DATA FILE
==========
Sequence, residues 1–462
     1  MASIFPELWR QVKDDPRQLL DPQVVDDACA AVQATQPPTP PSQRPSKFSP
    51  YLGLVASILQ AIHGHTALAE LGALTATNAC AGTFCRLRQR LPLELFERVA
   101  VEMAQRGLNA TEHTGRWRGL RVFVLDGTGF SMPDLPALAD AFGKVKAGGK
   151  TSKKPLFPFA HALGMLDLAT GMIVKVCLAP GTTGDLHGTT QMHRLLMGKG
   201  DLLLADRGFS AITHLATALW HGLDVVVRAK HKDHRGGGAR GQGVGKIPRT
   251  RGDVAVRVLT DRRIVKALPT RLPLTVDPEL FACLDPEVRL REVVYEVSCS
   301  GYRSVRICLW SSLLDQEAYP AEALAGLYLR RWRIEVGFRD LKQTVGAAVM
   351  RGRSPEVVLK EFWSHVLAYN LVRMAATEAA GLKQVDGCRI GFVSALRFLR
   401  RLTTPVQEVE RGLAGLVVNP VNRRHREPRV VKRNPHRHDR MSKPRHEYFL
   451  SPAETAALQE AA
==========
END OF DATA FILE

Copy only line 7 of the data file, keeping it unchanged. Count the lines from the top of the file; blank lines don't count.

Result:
   251  RGDVAVRVLT DRRIVKALPT RLPLTVDPEL FACLDPEVRL REVVYEVSCS